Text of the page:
The Trumpian “Infrastructure Week”, even if it may have seemed devoid of political underpinnings, was an aesthetic camouflage. It was also a peak under the curtain of the Trumpian cultural agenda. The policies to realize politically and culturally Trumpian infrastructure were coherent and included: whitewashing the federal Design Excellence program into a monolithic MAGAtecture apparatus, outspoken protection and support of confederate monuments and statues, and construction of the massive yet dysfunctional southern border wall. Each of these policy points occupied a significant niche in the ‘MAGA’ infrastructure ecosystem and they haven’t disappeared after Trump’s defeat in 2020.

    The vague ‘Make America Great Again’ slogan resonated with those who saw the U.S. in a dark era sandwiched between an ambiguously triumphant past and the potential future of rebirth and reenactment of those abstract achievements under a Trump aligned administration. Such tones of restorative nostalgia were the hallmarks of the wide Trumpian lens of American exceptionalism. The broad strokes of this nostalgia established two dominant sub-narratives of the administration’s progress towards greatness thus far: Trump vanquishing the evil liberal agenda to save the American right from such horrors and Trump razing the establishment to the ground with anger, vengeance, and fire. In reality, these narratives that pervade many subreddits and other dark corners of cyberspace are a singular perspective. Trumpism seeks a controlled burn- at once lighting the fire to raze a supposed establishment politics and culture (presumably Democrats and more centrist Republicans) to the ground while saving the parts of the country that support him from the same fire. Thus, Trumpian cultural criticism stands as a binary; all cultural elements must be patrolled to remove the immoral and corrupt. Cultural touchstones that directly or indirectly back a ‘MAGA’ perspective are maintained while those that contradict such narratives are condemned and discarded. The nostalgic arbiters of these aesthetics see artifacts such as historical white hegemony - in westward expansion, southern plantation hospitality, and the Eurocentric foundation of the constitution and construction of the U.S. capital- as culturally good and politically neutral. All other perspectives and narratives are judged as culturally corrosive and politically fraught. These cultural aesthetic evaluations extend from paintings, literature, music, and movies to statues, monuments, architecture, and other infrastructural elements.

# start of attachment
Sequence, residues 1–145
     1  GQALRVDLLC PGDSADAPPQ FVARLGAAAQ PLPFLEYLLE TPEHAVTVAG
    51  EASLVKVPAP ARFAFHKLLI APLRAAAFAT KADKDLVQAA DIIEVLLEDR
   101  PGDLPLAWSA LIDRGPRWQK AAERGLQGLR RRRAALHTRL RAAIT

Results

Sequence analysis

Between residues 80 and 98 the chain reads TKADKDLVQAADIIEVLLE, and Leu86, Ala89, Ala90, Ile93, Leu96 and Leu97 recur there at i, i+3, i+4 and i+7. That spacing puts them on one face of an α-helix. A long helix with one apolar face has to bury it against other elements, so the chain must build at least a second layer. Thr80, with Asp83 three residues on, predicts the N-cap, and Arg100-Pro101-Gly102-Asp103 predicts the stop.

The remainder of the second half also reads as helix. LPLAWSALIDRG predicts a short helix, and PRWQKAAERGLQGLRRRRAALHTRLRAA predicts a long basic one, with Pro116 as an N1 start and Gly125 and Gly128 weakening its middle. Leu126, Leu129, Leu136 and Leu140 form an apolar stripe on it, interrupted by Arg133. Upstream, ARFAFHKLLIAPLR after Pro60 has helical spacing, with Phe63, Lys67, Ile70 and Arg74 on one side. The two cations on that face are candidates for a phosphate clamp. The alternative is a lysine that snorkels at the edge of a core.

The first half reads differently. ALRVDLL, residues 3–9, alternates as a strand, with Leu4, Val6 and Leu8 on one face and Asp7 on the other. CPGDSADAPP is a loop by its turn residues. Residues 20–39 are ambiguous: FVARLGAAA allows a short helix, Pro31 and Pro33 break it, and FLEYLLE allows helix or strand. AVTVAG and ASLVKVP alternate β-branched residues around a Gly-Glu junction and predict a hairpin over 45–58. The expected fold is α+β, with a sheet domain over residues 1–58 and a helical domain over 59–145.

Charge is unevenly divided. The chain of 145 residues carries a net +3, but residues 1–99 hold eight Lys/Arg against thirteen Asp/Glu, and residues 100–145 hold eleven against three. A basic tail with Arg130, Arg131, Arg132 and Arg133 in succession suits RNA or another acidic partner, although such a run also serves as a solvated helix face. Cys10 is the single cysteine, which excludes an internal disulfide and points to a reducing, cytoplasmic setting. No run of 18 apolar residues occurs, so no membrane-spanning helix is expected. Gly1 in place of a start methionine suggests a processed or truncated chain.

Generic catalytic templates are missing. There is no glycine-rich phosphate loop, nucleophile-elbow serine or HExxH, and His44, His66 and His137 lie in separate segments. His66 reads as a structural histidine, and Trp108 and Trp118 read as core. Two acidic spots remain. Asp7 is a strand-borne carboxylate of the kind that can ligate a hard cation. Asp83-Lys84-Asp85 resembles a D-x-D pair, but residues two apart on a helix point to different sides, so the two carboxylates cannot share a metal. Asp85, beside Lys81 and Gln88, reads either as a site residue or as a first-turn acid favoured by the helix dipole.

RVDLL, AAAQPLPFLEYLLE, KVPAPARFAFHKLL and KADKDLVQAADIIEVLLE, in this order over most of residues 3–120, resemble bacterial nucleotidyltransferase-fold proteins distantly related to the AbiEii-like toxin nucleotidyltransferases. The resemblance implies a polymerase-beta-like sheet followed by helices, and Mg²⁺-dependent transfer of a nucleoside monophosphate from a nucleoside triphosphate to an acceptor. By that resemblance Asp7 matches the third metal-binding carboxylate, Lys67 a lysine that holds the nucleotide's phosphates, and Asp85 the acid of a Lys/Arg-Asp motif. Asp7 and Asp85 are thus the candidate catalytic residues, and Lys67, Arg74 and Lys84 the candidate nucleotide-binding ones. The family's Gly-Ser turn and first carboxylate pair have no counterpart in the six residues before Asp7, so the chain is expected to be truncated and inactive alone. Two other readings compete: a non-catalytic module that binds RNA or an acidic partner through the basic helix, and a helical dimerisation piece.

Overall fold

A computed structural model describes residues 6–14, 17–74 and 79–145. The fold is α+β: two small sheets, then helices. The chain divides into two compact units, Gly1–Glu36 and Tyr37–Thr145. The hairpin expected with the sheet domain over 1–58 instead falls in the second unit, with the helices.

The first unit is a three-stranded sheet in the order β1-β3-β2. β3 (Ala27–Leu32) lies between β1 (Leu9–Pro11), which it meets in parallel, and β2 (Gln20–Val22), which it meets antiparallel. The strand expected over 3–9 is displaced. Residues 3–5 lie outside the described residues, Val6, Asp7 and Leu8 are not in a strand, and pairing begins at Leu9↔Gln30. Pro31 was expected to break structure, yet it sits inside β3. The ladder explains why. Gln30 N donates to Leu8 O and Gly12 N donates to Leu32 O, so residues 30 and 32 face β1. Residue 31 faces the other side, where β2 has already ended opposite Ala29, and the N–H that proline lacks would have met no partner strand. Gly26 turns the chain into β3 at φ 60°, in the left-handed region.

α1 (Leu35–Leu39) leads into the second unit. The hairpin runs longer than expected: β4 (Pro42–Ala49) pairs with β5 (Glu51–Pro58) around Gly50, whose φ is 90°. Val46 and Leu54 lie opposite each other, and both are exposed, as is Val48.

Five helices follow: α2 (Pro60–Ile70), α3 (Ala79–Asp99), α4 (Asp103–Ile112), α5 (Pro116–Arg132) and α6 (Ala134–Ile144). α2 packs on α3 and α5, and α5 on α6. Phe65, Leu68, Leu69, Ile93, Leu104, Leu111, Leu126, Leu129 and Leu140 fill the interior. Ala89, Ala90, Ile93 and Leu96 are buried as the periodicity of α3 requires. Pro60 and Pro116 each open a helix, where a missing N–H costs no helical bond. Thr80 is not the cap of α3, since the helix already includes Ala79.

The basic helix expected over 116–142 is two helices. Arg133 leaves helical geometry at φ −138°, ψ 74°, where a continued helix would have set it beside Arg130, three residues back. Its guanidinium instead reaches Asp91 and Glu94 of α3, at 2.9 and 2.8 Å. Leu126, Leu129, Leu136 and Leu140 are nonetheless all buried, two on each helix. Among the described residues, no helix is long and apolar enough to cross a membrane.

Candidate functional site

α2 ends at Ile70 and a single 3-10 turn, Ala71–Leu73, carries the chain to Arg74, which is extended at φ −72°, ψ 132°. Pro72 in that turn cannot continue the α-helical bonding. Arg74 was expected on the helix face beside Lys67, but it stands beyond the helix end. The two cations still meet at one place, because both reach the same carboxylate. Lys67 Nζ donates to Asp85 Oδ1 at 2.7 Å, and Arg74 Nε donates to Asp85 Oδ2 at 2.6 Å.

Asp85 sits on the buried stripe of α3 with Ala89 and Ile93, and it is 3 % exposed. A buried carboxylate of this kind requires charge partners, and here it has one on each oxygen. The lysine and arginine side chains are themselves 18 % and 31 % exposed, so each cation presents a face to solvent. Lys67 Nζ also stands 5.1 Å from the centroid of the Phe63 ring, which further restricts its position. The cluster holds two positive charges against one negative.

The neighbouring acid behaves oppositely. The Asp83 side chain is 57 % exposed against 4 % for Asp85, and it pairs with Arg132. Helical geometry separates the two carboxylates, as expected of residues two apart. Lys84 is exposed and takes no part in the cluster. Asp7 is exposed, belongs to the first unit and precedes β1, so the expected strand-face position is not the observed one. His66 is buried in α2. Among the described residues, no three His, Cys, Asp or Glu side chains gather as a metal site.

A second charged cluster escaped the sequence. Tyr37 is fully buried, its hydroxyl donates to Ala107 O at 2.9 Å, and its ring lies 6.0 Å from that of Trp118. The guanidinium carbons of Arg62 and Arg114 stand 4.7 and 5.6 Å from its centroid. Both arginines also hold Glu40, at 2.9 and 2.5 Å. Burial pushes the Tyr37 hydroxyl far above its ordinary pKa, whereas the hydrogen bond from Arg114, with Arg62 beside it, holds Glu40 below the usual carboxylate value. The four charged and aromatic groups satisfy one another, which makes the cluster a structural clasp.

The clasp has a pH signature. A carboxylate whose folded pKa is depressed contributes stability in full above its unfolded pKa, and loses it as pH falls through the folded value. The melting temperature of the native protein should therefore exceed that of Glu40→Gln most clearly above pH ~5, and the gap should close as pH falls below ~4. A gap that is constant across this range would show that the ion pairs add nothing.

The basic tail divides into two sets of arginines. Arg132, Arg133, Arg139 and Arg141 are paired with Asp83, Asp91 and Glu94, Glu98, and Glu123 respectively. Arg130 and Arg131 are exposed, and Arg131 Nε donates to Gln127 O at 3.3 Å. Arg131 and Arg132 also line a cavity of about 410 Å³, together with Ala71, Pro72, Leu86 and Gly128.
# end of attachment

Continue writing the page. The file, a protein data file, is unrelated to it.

In the coming weeks, I intend to lay out some of the above arguments in a more granular form. For now, please feel free to let me know what you think;  how does your architecture and construction background inform your political views? How about the other way around?

    I'll be releasing new posts each weekend ahead of the 2022 midterm elections this fall.

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off-NARRATIVES: is a space for the exploration of detours in architecture and design discourse. The blog's inception is in alignment with the "off-modern" perspective; drawing from the works and teachings of the Svetlana Boym among other writers and thinkers in the 20th and 21st centuries. off-NARRATIVES: seeks to contribute to contemporary architectural discourse through observations, essays, book reviews, serial narratives, and other works of original research and theory.